Game Description: Shadow of the Colossus is a majestic journey through ancient lands to seek out and destroy gigantic mythical beasts. With your trusty horse at your side, explore the spacious lands and unearth each Colossi. Armed with your wits, a sword, and a bow, use cunning and strategy to topple each behemoth. From the original developers of the critically acclaimed ICO, comes a masterpiece of an adventure.
Shadow of the Colossus is a videogame for people who love videogames. To the casual player it may seem like nothing more than just another exceptionally beautiful third-person climbing and stabbing simulator, but to gamers who have been playing for their entire lives it's something grander and more significant. Shadow asks big questions about game design, and suggests changes to the way we approach videogames.
Question 1: Do we need to endlessly slaughter cannon fodder?
The worst serial killers in history killed far fewer people than the average video game hero. Shooting, slashing, or just beating people to death, it's rare for the body count in an action game to be under three digits, and not uncommon for them to be in the fours. Since game developers can't be expected to design five or six hundred individual enemies, action games usually boil down to killing the same handful of people over and over again. Unless the developers manage to make the specific methods of murder incredibly entertaining, this invariably leads to gameplay that gets tiresome before the game ends. Shadow of the Colossus forgoes this practice entirely.
Taking on the role of a nameless hero, players are asked to slay 16 Colossi, and absolutely nothing else. The game consists entirely of what would normally be called 'Boss Fights', although that title doesn't really apply since there aren't any regular monsters to compare them to. Fourteen of the sixteen Colossi are as much mountain as beast, and must be combated by scaling their bodies and finding sensitive areas to skewer with a magical blade.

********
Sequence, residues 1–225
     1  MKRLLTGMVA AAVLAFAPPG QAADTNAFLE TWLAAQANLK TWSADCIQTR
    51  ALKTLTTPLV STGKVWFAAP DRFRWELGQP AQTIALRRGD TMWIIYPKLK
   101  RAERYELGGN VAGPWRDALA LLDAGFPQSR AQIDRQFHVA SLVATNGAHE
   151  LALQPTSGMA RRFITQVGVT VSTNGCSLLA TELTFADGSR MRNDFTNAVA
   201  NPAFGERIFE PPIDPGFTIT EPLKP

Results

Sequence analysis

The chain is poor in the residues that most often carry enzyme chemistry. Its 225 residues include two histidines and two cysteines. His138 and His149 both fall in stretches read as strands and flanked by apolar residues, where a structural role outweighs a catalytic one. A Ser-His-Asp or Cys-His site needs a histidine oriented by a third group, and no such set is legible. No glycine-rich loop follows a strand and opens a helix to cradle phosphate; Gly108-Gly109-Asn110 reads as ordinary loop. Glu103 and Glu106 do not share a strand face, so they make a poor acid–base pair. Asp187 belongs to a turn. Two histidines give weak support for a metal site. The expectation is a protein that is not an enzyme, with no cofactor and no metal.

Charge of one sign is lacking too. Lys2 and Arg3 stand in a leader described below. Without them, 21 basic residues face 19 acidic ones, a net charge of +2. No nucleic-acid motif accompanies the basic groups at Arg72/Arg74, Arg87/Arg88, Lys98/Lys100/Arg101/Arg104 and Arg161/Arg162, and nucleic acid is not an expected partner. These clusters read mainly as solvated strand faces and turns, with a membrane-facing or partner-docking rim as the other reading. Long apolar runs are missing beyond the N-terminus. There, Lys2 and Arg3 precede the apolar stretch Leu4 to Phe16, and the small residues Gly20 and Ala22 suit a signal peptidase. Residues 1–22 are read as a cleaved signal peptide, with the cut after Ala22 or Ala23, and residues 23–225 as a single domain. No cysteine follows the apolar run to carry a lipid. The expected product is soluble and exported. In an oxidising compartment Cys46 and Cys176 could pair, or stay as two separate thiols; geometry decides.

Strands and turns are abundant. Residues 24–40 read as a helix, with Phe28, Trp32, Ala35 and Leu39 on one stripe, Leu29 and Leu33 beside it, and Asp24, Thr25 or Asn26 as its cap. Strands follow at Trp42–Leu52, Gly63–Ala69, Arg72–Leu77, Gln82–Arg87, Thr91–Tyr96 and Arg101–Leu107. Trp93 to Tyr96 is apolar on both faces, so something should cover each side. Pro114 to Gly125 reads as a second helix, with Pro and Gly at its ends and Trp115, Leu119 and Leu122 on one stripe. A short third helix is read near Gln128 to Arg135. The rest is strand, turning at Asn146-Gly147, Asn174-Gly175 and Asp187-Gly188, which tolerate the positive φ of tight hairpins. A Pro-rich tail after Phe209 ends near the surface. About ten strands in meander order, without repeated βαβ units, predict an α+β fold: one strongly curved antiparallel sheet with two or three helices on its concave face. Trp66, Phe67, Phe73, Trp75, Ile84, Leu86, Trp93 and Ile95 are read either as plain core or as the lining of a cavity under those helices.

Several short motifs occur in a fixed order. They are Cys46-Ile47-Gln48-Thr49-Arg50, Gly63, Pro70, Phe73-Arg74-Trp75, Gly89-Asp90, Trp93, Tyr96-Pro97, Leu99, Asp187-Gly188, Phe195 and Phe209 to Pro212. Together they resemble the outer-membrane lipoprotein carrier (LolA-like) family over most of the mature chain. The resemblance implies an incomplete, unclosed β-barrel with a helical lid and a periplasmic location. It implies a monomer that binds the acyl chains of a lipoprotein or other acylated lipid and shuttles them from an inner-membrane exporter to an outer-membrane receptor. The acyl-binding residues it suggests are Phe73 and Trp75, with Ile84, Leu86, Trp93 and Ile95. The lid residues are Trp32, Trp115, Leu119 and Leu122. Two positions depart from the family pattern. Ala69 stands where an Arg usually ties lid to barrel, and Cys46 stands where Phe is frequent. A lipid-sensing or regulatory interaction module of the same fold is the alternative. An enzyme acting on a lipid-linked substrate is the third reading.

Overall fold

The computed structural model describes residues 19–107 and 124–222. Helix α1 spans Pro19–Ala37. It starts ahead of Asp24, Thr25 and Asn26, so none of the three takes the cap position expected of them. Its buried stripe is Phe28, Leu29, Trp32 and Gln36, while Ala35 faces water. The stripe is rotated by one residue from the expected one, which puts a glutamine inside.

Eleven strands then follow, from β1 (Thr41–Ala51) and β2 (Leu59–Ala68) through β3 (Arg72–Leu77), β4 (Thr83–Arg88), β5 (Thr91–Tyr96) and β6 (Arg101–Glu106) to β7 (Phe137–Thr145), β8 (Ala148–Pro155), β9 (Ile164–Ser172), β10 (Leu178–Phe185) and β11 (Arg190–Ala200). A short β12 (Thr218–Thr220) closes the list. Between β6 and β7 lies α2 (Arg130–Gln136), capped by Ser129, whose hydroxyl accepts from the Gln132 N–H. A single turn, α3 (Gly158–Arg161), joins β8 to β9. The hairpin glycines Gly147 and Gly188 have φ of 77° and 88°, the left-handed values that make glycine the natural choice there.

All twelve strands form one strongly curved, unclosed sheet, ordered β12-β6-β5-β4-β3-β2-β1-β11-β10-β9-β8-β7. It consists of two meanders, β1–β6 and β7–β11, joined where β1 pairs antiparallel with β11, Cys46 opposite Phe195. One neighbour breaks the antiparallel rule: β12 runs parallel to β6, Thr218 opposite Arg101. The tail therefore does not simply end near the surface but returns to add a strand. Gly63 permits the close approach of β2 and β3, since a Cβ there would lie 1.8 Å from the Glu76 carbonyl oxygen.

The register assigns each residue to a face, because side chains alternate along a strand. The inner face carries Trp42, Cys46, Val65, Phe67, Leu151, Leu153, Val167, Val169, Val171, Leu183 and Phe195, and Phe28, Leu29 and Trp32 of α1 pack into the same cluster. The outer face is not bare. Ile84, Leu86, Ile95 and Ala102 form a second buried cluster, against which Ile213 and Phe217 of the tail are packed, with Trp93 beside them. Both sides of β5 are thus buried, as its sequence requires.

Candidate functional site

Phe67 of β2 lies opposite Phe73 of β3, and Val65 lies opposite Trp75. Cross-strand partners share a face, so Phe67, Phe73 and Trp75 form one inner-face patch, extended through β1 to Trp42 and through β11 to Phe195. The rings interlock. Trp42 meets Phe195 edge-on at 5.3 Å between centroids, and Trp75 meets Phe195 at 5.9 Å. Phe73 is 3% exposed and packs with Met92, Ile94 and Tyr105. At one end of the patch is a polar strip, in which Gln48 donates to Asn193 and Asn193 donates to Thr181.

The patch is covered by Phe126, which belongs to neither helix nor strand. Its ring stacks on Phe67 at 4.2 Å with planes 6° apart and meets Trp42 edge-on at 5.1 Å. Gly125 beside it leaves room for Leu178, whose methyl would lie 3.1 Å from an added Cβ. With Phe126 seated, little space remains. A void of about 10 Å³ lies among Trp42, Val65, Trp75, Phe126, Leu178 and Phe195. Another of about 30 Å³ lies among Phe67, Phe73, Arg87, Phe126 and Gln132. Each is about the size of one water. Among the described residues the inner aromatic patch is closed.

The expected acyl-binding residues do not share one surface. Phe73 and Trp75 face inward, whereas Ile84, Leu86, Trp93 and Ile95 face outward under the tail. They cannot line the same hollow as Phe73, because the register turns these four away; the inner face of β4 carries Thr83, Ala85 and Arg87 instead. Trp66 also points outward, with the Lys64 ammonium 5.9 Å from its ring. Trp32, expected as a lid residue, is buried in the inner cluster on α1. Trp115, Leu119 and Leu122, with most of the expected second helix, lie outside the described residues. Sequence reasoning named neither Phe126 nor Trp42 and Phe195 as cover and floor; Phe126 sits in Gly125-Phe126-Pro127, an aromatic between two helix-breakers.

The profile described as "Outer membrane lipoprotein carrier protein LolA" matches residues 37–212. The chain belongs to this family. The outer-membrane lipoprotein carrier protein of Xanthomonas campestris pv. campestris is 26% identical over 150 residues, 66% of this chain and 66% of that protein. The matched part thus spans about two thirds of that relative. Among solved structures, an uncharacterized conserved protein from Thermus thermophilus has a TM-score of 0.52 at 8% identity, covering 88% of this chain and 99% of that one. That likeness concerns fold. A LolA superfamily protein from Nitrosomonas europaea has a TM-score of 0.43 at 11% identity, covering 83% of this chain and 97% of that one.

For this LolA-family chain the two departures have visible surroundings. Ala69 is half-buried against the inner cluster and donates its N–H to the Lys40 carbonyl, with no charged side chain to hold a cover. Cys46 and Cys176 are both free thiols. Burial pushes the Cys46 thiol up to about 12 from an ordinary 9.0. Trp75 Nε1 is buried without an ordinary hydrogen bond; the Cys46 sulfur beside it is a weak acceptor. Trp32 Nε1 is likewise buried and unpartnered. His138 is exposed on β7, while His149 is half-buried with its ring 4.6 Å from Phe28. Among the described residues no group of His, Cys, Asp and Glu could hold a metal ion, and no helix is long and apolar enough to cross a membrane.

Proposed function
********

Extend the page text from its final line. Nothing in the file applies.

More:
The vast differences between the Colossi's designs and the environments they're fought in ensures that no two battles are the same. There's no hack and slash drudgery here, no blasting through armies of clones—Shadow offers sixteen epic conflicts between a tiny man and an overwhelming force, each one more intense than the last.
Question 2: Can getting there be half the fun?
In Shadow, a waterfall is just a waterfall. It's not a place to hide from pursuing helicopters, it's not concealing the entrance to the final dungeon. It's just water meeting gravity in one the world's most beautiful natural phenomena. Players are so used to searching every square inch of a game's world for treasure and enemies that they end up missing the forest for the trees. Shadow bucks this trend by giving players a huge world with nothing to do but ride across it on horseback.
This seemed a little peculiar at first, but I quickly grew accustomed to the long, quiet stretches of galloping across wide open plains and trotting down narrow cliffside pathways. Since there's nothing complex to do in the traveling, players are allowed to find their own pace. They can urge their horse to speed to the next Colossus in a manner of minutes, or they can take their time to appreciate the beautiful chasms and rock formations that make up the landscape.
Question 3: Are players willing to be sad for the vast majority of a game?
Shadow may be the least happy game I've played since Double Dragon 2 (arcade version). From the stunningly effective opening sequence, with the hero transporting the princess' body to the shrine which acts as the game's hub, all the way to the tone-perfect ending, the game maintains an air of deliberate melancholy for its entire running time. The game's story is fairly sparse, and it counts on the player's familiarity with the conventions of video game storytelling to flesh out its shorthand. When the game begins, the hero has already failed to save the princess once, and his determination to restore life to her, regardless of the cost, feels a little more like desperation than heroism.